The political voice labour must find

Posted on November 5, 2019


(First published in City Press, November 3)

The modern and militant South African labour movement, once to the
forefront of the political struggle for social and economic transformation, has
still not found a united and coherent political role for itself in the post 1994
dispensation. Contradictions abound, within a fragmented movement that is
weaker both in terms of numbers and organisational capacity than it
was, even a decade ago.

According to the registrar of trade unions, there are now five labour
federations and 207 registered trade unions — an increase of 17 over the
past year — with a total membership of some 3.8 million workers. If
agricultural, forestry and domestic workers are taken into account, this
would barely constitute 20% of the workforce which, according to Stats SA,
has a less than 60% participation rate.

That this is a crisis for trade unionism has been admitted across the board,
often along with calls to “go back to basics”. But, as with much of the debate,
especially over the past 23 years, about which way forward, the basics are
seldom defined with any clarity, amid much radical rhetoric and sloganising.

Yet, in this past week, the quarterly Labour Force Survey has revealed that, year-on-year there are now 524 000 more jobless workers; also that the more accurate “expanded” definition of unemployment is now 38.5%. In other words, even officially, nearly four out of every ten workers is jobless.

At the same time, automation, the central employment threat of the digital, or so-called fourth industrial revolution, continues apace. Yet few people in government — and not only deputy president David Mabuza — seem to understand what this 21st Century march of technology means.

Even more tragically, perhaps, the labour movement is in much the same boat, its analysis and the tactics flowing from this embedded in an earlier era. Yet now should be the time for the unions to be putting forward clear ideas about how to ensure that the great technological advances are used to the benefit of the many and not left to further enrich the few.

The labour movement is capable of such action. In 1996, for example, the combined movement put forward to government a sensible, macro-economic programme based on the redistribution of wealth leading to economic growth.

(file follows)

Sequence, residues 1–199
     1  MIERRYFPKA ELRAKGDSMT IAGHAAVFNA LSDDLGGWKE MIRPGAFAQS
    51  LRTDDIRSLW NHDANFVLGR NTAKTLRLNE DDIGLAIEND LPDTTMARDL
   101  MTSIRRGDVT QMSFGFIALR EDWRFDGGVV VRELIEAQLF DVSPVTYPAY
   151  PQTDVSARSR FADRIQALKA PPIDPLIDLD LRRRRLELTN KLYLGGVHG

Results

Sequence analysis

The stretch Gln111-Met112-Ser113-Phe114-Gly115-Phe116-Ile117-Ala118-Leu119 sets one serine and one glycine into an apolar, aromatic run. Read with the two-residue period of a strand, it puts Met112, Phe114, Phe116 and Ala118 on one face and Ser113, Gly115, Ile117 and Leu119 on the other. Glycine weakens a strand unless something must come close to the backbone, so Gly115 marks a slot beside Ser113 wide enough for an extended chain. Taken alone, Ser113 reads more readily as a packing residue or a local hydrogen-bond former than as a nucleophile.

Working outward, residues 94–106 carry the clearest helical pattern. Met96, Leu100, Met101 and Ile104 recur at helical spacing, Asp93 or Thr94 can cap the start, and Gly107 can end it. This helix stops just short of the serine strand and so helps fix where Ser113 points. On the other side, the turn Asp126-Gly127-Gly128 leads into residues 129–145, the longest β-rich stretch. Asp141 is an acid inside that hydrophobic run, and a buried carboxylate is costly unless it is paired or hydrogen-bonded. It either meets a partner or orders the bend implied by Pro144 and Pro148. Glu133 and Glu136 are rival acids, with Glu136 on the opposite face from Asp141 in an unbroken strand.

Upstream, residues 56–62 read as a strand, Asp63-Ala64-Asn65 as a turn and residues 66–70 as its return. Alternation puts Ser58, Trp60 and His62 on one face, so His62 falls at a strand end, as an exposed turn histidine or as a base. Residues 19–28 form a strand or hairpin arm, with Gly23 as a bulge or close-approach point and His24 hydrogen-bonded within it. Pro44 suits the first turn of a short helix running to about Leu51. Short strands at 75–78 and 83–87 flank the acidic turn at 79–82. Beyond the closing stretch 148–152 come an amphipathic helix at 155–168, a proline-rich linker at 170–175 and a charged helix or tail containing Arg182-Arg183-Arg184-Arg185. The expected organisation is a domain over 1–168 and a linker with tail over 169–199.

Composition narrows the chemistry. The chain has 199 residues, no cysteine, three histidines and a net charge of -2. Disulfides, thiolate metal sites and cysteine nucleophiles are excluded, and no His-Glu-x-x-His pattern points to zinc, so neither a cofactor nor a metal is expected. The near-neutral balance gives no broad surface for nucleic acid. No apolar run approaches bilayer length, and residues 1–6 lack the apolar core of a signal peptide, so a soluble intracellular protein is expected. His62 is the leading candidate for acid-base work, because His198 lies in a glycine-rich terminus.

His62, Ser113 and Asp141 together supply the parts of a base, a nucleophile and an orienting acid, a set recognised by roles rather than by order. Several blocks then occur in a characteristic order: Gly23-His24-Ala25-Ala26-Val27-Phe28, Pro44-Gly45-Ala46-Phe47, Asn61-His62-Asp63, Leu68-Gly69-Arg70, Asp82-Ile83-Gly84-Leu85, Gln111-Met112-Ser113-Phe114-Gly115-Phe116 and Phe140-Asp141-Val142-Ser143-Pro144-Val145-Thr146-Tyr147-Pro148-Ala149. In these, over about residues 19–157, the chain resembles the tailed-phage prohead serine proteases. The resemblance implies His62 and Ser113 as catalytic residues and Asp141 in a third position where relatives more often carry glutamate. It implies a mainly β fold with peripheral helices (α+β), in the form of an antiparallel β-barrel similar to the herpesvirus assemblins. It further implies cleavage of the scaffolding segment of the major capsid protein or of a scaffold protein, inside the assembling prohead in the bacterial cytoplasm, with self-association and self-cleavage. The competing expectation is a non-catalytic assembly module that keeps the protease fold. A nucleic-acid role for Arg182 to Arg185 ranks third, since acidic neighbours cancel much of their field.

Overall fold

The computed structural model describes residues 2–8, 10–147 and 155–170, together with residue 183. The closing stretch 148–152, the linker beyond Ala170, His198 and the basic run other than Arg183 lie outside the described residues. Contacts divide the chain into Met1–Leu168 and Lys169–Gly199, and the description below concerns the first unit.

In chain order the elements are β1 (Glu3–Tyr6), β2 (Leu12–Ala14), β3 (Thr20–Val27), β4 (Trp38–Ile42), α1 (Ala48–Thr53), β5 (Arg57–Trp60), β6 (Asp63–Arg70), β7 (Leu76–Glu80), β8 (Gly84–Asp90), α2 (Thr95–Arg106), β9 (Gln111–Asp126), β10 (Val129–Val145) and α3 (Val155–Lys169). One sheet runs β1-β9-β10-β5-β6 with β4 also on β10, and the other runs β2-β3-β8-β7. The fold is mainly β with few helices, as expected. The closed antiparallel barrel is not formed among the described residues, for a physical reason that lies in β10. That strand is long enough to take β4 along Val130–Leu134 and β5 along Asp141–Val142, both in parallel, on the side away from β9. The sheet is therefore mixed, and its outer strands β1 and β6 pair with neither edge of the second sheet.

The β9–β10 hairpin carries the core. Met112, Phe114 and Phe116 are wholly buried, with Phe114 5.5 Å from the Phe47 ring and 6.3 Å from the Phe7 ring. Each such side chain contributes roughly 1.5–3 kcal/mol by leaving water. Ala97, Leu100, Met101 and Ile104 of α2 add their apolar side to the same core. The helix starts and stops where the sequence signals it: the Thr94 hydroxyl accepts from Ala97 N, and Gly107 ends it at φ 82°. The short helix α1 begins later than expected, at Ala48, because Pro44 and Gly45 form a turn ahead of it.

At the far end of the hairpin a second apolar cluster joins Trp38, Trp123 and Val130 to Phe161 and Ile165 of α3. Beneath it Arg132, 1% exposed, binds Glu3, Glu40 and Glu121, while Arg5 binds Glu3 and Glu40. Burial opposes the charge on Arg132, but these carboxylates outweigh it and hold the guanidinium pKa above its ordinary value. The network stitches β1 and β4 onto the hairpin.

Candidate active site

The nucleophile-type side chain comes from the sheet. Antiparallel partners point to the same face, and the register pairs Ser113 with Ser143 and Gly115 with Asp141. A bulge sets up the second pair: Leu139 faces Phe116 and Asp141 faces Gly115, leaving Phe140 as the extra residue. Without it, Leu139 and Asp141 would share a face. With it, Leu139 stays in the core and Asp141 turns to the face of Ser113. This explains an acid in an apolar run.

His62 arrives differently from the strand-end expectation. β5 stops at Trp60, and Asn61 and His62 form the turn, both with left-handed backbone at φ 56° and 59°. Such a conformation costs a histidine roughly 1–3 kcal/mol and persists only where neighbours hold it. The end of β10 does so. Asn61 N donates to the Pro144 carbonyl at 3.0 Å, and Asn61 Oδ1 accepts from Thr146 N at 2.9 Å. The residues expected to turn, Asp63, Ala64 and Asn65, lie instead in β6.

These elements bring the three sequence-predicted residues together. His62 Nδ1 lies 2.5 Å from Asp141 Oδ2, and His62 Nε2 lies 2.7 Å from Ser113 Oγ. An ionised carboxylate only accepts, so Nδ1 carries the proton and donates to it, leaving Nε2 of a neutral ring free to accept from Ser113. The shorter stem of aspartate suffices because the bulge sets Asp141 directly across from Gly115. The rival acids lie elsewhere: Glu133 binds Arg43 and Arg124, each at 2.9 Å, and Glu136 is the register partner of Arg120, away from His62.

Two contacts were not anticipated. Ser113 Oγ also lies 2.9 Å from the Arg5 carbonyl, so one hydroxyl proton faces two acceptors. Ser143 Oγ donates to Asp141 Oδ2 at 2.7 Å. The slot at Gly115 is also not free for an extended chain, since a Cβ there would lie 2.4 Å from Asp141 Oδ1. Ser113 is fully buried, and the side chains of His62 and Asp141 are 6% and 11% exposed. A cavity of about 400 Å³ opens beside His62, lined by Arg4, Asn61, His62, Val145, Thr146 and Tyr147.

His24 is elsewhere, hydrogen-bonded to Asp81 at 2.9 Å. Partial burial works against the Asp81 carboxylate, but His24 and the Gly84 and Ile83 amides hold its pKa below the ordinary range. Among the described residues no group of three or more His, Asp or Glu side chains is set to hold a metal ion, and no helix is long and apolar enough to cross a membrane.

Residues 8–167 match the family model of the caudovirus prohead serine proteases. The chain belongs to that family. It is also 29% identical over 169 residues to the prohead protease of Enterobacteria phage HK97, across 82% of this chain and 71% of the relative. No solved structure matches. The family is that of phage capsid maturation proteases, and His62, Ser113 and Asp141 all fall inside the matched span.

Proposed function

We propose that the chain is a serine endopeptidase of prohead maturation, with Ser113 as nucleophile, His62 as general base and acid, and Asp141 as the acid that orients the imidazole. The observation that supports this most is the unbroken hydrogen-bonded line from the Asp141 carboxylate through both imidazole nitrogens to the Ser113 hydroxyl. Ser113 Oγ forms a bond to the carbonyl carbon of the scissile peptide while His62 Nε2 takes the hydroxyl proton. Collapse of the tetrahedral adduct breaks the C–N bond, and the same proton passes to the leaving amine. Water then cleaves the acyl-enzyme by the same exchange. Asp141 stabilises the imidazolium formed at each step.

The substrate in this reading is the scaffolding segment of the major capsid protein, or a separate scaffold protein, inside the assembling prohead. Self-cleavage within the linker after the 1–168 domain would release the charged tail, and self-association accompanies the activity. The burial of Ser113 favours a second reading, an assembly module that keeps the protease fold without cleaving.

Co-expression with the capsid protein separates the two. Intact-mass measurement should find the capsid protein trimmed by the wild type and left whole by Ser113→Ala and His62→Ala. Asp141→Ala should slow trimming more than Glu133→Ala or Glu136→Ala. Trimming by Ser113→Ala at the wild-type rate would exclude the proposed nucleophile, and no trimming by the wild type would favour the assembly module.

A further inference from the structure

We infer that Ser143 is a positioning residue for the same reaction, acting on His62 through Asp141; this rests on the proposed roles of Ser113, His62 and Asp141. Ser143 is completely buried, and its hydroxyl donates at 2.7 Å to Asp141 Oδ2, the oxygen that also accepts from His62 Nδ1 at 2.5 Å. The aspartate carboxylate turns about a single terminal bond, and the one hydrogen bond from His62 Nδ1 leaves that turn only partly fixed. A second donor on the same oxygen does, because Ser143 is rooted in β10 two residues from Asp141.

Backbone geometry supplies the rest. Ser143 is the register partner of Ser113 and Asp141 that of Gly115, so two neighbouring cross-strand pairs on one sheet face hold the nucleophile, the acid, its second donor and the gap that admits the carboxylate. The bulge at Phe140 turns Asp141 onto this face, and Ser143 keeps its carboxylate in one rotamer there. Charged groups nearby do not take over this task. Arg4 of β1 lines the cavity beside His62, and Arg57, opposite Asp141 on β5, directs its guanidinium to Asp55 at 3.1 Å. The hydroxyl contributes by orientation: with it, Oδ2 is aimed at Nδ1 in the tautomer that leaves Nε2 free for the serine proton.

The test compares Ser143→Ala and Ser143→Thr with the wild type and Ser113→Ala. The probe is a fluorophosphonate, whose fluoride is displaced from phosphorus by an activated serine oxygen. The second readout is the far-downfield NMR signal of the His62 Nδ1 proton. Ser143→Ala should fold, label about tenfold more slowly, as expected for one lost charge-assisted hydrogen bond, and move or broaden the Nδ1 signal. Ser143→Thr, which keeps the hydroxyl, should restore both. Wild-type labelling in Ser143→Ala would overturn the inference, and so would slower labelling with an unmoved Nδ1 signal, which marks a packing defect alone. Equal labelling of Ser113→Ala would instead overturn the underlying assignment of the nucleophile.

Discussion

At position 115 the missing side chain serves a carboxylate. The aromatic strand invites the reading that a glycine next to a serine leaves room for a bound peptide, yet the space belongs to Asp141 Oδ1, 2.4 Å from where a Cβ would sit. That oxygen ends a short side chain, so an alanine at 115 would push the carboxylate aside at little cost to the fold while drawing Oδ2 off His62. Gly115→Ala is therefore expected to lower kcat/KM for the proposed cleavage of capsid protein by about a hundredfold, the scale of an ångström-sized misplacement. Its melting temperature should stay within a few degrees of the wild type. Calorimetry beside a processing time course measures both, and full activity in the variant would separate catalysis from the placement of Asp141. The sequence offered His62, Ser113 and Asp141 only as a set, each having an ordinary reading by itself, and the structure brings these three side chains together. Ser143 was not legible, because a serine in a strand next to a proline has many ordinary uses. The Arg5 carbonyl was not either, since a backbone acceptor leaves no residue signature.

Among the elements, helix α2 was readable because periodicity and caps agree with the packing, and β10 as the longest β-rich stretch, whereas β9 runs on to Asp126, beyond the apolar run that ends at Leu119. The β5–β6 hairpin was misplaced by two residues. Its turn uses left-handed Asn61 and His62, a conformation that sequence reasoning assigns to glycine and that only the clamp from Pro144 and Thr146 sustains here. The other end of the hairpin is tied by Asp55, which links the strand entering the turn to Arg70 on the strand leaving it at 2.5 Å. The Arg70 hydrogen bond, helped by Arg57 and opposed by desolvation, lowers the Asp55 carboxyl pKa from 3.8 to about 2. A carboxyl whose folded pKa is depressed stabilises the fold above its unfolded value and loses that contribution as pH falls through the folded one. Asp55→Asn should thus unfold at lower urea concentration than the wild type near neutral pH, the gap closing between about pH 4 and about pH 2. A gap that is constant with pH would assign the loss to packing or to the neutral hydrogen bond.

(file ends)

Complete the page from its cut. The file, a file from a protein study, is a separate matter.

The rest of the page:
This programme was the antithesis of the growth first, “trickle down” theories proposed by business and promoted by government ever since 1996. Proposals included public ownership, board level participation and a progressive tax regime along with nationalisation as one mechanism to achieve an egalitarian goal.

Although based on the work of the ANC’s own Macro Economic Research Group whose proposals had been discarded without debate in 1993, the labour movement’s policy outline was simply ignored. Instead, government produced its Growth Employment and Redistribution (GEAR) project, described by one economist as a “cascade of improbabilities”.

GEAR was also derided by Cosatu and the SA Communist Party as the “1996 class project” while both remained within the ANC-led alliance. But they blamed President Thabo Mbeki for promoting GEAR and, in response, launched the “Zuma tsunami” that brought into being President Jacob Zuma and ten years of state capture chaos.

Yet trade unions, for all their relative weakness today, still wield massive potential power. As such, they could, especially if united, play a pivotal role in not only protecting, but extending, democracy.

However, given ideological squabbles and widespread unwillingness to face the technological realities of 21st Century, unity, even at the tentative level seen in 1996, seems unlikely. But unless awareness sets in and appropriate action follows, the labour movement may find that it is becoming increasingly less relevant.